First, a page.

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Harry Cassin
Publisher and Editor

Andy Spalding
Senior Editor

Jessica Tillipman
Senior Editor

Bill Steinman
Senior Editor

Richard L. Cassin
Editor at Large

Elizabeth K. Spahn
Editor Emeritus

Cody Worthington
Contributing Editor

Julie DiMauro
Contributing Editor

Thomas Fox
Contributing Editor

Marc Alain Bohn
Contributing Editor

Bill Waite
Contributing Editor

Russell A. Stamets
Contributing Editor

Richard Bistrong
Contributing Editor

Eric Carlson
Contributing Editor

Pro or Con? The Extractive Industries Disclosure Debate

The SEC will decide in August on implementing rules under Dodd Frank whereby natural resource extraction companies (public ones) will have to disclose all payments to foreign governments — even payments that are entirely legal and above board.

Many companies oppose the proposed rule. They think it’s intrusive and unnecessary and may compromise proprietary commercial data (such as costs of overseas concessions).

Those favoring disclosure — most vocally certain NGOs — believe it is the only way to hold rulers accountable, particularly those in poor, energy-rich countries where billions of dollars are changing hands.

We asked the editors for their views.

Michael Scher

Dodd-Frank is already the law and thus the issue is not whether such transparency should become the law. The larger policy issue has been resolved by passage of the law.

The opposing argument is primarily that U.S. companies will lose out to other countries that do not have this kind of transparency requirement. That is, the foreign governments will pick countries that can keep secret (non-transparent) the payments to government officials.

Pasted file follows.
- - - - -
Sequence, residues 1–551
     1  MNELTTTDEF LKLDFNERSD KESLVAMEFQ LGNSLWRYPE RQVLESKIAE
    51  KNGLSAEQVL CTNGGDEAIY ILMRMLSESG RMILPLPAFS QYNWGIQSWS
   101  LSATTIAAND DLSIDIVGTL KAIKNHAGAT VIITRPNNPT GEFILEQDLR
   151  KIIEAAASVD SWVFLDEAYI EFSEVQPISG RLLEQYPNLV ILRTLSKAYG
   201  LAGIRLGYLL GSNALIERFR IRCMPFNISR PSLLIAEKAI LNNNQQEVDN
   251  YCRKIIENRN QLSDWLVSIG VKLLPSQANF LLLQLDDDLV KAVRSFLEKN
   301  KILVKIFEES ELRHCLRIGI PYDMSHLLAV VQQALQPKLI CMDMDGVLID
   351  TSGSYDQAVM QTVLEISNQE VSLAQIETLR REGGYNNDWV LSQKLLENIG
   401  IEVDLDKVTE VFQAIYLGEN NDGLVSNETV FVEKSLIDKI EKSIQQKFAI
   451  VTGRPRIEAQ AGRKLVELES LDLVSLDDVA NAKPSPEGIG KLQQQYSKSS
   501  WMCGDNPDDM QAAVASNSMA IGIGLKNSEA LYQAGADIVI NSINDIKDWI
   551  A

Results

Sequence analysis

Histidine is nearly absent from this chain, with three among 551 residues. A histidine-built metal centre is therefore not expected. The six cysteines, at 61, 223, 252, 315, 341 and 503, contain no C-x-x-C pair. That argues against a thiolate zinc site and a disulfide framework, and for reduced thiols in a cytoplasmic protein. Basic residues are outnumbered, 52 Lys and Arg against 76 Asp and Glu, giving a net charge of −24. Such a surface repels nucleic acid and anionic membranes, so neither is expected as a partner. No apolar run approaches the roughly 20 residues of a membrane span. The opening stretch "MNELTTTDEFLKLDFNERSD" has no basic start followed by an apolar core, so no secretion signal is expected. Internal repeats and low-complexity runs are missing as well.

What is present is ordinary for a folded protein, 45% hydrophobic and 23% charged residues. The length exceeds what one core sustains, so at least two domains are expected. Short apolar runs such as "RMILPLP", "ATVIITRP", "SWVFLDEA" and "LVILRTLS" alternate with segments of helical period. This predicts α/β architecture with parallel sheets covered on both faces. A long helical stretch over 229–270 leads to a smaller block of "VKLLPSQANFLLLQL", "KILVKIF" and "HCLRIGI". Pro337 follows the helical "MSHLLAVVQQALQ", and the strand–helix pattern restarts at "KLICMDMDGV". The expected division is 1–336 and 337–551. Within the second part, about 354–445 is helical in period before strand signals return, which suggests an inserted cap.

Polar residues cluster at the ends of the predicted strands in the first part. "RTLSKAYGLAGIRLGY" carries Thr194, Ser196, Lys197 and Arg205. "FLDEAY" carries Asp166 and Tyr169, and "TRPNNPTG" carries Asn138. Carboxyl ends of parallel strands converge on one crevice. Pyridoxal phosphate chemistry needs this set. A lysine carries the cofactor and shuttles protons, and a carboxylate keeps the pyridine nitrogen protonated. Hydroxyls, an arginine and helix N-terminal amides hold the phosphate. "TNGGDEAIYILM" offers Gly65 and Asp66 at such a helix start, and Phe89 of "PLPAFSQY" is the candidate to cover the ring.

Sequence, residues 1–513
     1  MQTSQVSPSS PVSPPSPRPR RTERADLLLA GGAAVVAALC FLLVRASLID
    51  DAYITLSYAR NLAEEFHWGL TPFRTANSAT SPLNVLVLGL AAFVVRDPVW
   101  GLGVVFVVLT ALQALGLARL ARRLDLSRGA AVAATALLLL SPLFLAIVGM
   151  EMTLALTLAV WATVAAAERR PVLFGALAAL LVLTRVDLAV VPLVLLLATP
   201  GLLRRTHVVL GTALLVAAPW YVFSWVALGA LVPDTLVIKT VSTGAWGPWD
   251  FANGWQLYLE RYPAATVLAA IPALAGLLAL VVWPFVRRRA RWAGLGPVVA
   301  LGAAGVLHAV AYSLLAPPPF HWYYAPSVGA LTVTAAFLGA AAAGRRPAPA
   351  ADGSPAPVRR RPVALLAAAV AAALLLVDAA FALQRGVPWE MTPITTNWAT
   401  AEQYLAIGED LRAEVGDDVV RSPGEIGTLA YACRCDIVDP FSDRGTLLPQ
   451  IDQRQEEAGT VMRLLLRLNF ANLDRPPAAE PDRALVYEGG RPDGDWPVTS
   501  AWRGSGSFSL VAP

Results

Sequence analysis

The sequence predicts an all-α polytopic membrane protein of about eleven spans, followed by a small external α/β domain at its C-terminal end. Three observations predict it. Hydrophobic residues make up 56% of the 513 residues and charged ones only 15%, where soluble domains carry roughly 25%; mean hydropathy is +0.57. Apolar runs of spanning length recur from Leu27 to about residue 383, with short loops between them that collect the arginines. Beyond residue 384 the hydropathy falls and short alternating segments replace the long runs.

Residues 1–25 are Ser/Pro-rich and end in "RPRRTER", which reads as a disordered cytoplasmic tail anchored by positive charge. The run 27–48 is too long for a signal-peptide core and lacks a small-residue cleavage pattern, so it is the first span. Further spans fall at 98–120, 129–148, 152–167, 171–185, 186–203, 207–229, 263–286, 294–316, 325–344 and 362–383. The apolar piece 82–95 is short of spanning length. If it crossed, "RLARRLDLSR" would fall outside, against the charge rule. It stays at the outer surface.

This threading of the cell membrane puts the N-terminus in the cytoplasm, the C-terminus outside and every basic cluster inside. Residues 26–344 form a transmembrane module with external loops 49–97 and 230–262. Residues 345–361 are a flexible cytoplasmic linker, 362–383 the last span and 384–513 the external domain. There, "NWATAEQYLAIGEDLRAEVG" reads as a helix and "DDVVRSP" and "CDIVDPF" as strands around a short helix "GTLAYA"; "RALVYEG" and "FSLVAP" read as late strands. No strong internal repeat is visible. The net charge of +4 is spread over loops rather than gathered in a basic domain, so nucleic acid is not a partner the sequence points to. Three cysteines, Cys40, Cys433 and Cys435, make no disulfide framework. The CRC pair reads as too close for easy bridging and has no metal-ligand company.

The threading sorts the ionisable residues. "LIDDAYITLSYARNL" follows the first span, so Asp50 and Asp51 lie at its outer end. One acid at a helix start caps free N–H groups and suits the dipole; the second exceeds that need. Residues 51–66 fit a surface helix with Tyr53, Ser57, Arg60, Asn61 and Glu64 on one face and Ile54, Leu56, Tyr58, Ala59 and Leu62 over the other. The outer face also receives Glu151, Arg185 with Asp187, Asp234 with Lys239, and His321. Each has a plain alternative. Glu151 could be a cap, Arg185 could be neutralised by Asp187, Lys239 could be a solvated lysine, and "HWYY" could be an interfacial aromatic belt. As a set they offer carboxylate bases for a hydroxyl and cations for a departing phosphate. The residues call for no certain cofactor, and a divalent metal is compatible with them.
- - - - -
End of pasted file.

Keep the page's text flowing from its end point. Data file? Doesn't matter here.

I do not find that argument persuasive without more support. Why? U.S. business is attractive for many reasons, such as superior technology. Other countries may have similar laws now and in the future — just as the FCPA spread through the OECD. American policy does not support competition by using bribes and other illegal means — a point long made under the FCPA.

I support the long-term view that global business (American included) requires new, global ethical thinking. The global public should and will demand it. For example, Apple recently revised its global supply chain audits in response to pressure on its labor practices in China. If American business has the leverage of $100 billion invested annually, it can expect demands for transparency to balance that leverage. How would Americans feel about secret contributions in the billions to American government officials?